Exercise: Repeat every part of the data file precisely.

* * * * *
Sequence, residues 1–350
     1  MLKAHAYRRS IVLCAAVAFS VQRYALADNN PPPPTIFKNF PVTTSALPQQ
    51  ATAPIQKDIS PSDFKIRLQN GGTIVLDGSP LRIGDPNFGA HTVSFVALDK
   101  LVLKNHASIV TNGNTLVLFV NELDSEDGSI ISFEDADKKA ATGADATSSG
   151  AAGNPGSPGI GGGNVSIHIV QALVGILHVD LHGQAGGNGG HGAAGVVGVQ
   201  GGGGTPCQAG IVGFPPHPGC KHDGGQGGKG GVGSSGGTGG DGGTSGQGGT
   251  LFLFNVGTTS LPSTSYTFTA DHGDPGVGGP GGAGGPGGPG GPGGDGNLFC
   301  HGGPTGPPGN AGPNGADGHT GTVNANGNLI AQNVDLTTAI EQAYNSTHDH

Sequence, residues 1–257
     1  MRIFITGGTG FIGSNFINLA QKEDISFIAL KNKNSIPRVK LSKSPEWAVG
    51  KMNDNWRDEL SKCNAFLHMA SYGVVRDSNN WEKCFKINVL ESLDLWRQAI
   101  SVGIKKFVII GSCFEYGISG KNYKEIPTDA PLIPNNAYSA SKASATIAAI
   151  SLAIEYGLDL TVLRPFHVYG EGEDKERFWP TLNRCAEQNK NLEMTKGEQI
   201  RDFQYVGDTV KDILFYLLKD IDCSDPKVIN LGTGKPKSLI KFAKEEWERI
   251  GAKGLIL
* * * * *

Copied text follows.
Sequence, residues 1–350
     1  MLKAHAYRRS IVLCAAVAFS VQRYALADNN PPPPTIFKNF PVTTSALPQQ
    51  ATAPIQKDIS PSDFKIRLQN GGTIVLDGSP LRIGDPNFGA HTVSFVALDK
   101  LVLKNHASIV TNGNTLVLFV NELDSEDGSI ISFEDADKKA ATGADATSSG
   151  AAGNPGSPGI GGGNVSIHIV QALVGILHVD LHGQAGGNGG HGAAGVVGVQ
   201  GGGGTPCQAG IVGFPPHPGC KHDGGQGGKG GVGSSGGTGG DGGTSGQGGT
   251  LFLFNVGTTS LPSTSYTFTA DHGDPGVGGP GGAGGPGGPG GPGGDGNLFC
   301  HGGPTGPPGN AGPNGADGHT GTVNANGNLI AQNVDLTTAI EQAYNSTHDH

Sequence, residues 1–257
     1  MRIFITGGTG FIGSNFINLA QKEDISFIAL KNKNSIPRVK LSKSPEWAVG
    51  KMNDNWRDEL SKCNAFLHMA SYGVVRDSNN WEKCFKINVL ESLDLWRQAI
   101  SVGIKKFVII GSCFEYGISG KNYKEIPTDA PLIPNNAYSA SKASATIAAI
   151  SLAIEYGLDL TVLRPFHVYG EGEDKERFWP TLNRCAEQNK NLEMTKGEQI
   201  RDFQYVGDTV KDILFYLLKD IDCSDPKVIN LGTGKPKSLI KFAKEEWERI
   251  GAKGLIL